Today we did it all again, but they could have eight white lines instead of just five.
It will now be interesting to see where this newfound confidence leads them in other media.
This was originally written and posted on Facebook. I’ve added a little here and there and am including some images from my sketchbooks.
Saddened by the death of Johnny Winter.
I’m from the same hometown of Beaumont, Texas and was incredibly fortunate to get to meet Johnny at his home in New York in the 1990’s.
I was working on my blues book and a friend of my mother said I should talk to Johnny Winter about the book. I didn’t know if she was serious or not. But she immediately called Johnny’s mother and mentioned to her that Johnny and I should get together. I thought that would be the end of that.
However, when I got back to New York there was a message on my answering machine: “Hi, this is Johnny Winter and my mom says I should call you.” I was flabbergasted.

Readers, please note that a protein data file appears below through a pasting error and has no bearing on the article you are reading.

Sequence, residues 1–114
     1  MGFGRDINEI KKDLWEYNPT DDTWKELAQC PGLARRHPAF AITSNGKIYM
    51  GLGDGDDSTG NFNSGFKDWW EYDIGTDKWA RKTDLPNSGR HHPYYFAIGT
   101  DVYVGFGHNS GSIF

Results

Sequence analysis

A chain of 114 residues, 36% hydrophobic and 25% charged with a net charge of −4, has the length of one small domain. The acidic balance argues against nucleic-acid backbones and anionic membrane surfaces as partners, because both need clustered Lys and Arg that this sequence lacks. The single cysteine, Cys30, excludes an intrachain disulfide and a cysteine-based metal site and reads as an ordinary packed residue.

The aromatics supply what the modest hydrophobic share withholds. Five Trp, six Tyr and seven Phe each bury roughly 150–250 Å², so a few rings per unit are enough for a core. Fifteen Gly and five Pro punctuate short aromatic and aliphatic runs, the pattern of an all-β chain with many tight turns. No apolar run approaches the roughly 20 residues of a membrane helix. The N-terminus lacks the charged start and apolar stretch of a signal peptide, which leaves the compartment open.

And in the strange way that synchronicity works I was called the next day by the art director for d’Addario Guitar Strings to do a portrait of Johnny for a calendar and poster they were producing. I sent my sketches to them which they routed past Johnny’s agent who did not like them. I called Johnny and asked him if I could just run the sketches by him personally. He agreed and had me come to his home.
He and his wife were so warm, friendly and generous! I talked with Johnny about my book and then showed him the sketches for the d’Addario piece. He picked one out that he liked and I said I’d do a painting of that one. “What if I don’t like the finish?” He asked. I told him I’d do another one until he was satisfied.
While I was there I played Johnny a recording I had made of Jack Owens who was living in Bentonia, Mississippi, where Skip James was from. Before listening to the piece Johnny mentioned that some people claim that the dirt in that town contributed to Skip James great voice and playing, but he felt that it was just Skip James. After listening to Jack play the song Johnny exclaimed, “Man, I’ve got to go to Bentonia and roll around in that dirt!” It was fun, because I had played Jack (93 years old at the time) some of Johnny’s music and he loved it. “He’s a note man, like me!”